If you are of the belief that eating fat will make you fat then you aren’t alone. It took me years, and I mean years, to get over this fear. I grew up in the low fat era where fat was the enemy and should be avoided at all costs. The problem was, I had never weighed more or felt worse than when I was dieting on plain bagels and low fat cookies. Fast forward 20 years and I weigh less and have more energy than I did back then. I attribute that to a lot of things but one of them was losing my fear of fat….

I mean, I guess it made sense at the time. Fat has more than twice the calories of carbohydrates and protein and so logically, if you consume less of it, it would equate to less calories and therefore less weight right?

Wrong.

In a lab, sure, all calories are created equally but in our bodies they act completely differently. If I consume 150 calories worth of avocado my health outcome will be completely different than if I consume those same calories from rice cakes. The 150 calories from the avocado will provide protein for my muscles, allowing me to maintain or grow them. It will provide essential fats for my brain and nervous system and all the hormones in my body. The avocado will also stimulate the release of my FAT BURNING hormone glucagon and so not only will I get energy and growth from the avocado, I will also burn body fat as a result. And so, most of that avocado has gone to growth and repair, there isn’t much left to store on my waistline.

As a bonus, the avocado has a lot of protein and fibre to go with that fat and so it will digest slowly and keep me full for hours.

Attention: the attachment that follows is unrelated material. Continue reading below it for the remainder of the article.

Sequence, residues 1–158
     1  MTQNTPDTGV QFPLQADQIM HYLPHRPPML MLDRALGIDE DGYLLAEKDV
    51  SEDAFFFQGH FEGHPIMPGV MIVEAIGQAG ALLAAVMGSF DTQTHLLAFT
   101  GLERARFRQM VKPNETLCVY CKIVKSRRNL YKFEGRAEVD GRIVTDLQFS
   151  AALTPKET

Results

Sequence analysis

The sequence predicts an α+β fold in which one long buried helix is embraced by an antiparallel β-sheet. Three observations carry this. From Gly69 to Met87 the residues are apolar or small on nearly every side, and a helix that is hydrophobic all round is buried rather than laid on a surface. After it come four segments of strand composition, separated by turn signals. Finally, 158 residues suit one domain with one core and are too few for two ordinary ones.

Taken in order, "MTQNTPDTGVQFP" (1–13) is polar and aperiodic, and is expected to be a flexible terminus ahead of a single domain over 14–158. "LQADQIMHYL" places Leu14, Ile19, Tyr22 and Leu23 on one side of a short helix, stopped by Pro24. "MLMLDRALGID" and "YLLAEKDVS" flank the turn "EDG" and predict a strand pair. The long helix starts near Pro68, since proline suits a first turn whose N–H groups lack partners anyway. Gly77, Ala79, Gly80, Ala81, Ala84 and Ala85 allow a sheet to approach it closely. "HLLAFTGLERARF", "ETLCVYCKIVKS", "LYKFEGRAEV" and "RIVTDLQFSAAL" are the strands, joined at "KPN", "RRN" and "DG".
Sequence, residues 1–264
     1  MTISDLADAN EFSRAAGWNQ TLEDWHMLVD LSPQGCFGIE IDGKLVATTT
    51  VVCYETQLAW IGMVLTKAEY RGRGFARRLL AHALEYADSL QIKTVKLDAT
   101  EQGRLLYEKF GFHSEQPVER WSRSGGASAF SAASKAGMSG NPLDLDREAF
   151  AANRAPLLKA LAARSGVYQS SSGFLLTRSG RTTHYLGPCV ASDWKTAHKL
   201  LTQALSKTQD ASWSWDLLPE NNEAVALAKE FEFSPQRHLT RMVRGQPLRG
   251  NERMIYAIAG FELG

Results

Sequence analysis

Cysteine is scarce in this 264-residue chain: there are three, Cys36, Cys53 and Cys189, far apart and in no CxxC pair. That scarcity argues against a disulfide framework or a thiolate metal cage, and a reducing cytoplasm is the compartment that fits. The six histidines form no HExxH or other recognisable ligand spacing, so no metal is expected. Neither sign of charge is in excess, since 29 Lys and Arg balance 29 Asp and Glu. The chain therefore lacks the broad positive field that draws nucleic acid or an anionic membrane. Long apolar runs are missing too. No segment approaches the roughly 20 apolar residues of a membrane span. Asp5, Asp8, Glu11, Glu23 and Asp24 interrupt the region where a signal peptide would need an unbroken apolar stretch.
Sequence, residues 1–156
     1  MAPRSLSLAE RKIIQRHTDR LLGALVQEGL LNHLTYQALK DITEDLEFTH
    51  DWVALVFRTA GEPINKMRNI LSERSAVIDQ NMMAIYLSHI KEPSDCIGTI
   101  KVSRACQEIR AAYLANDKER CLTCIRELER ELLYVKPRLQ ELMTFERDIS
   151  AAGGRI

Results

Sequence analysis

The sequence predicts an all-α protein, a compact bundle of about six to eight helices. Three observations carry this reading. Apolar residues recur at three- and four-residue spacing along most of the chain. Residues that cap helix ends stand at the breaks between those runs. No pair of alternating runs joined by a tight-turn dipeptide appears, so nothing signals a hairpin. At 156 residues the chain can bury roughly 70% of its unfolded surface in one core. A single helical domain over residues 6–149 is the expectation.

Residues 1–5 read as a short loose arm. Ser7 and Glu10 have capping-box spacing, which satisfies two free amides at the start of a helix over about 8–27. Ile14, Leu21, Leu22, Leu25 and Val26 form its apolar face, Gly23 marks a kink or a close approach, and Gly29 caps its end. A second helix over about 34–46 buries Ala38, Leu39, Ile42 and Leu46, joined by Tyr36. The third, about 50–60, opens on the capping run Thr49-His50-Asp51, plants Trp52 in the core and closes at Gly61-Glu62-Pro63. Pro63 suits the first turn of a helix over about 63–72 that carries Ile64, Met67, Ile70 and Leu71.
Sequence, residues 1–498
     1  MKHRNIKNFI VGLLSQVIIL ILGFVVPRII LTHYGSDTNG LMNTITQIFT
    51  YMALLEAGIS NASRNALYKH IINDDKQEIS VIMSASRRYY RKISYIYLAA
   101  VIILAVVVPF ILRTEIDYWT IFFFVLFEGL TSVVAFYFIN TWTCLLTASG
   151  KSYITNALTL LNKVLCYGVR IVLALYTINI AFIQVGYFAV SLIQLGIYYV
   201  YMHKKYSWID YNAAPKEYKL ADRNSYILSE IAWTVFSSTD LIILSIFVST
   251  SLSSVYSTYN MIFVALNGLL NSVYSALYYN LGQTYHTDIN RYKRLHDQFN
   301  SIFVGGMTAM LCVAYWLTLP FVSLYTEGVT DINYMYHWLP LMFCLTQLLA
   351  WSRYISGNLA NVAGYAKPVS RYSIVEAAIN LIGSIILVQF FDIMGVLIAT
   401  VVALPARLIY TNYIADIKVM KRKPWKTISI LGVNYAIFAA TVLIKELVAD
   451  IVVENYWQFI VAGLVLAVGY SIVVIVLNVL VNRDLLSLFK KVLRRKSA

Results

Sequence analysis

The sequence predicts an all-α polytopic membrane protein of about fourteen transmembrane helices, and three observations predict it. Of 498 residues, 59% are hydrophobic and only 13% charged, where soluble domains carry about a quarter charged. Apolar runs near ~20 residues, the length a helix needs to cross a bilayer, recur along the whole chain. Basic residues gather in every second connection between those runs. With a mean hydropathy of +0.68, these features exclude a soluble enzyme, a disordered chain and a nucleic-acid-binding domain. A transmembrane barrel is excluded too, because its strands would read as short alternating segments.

The rice cake however, will provide me with nothing other than perhaps a short burst of energy and a subsequent crash. It will also stimulate the release of my FAT STORING hormone insulin. And now that the insulin has driven all the available fuel into your fat storage your brain triggers you to eat more. And more. And more. And the cycle continues.

As a bonus, because the rice cake has no protein or fat or fibre with it, it digests very quickly and so the above reactions happen in double time. Yuck.

The only clause I add here is that the quality and type of fat you eat matters. The best fats come mainly from vegetables, nuts, seeds, and fish. The worst type of dietary fat is the kind known as trans fat. It is a byproduct of a process called hydrogenation that is used to turn healthy oils into solids and to prevent them from becoming rancid. Trans fats have no known health benefits and that there is no safe level of consumption.  Although there are differing theories, most sources believe saturated fats fall somewhere in the middle.

IN CONCLUSION: We should eat a high quality, nutrient dense whole-food diet that’s lower in refined carbohydrates and high in fibre, protein and healthy fats. That plan would include healthy fats like avocados, coconut oil, olive oil, nuts and seeds, eggs and fatty fish like salmon and sardines.

Want to try some delicious fat recipes on for size? Check out these related posts.

Related recipe post:

http://roselandhealthandfitness.ca/2020/04/29/the-perfect-fat-salad/ http://roselandhealthandfitness.ca/2019/10/15/salmon-with-avocado-sauce/

If would love to know, if you have increased the amount of quality dietary fats in your diet, how has that affected your health and how you feel? I love avocado, salmon and peanut butter: What are YOUR favourite healthy fats? Share yours below or on my Facebook page.

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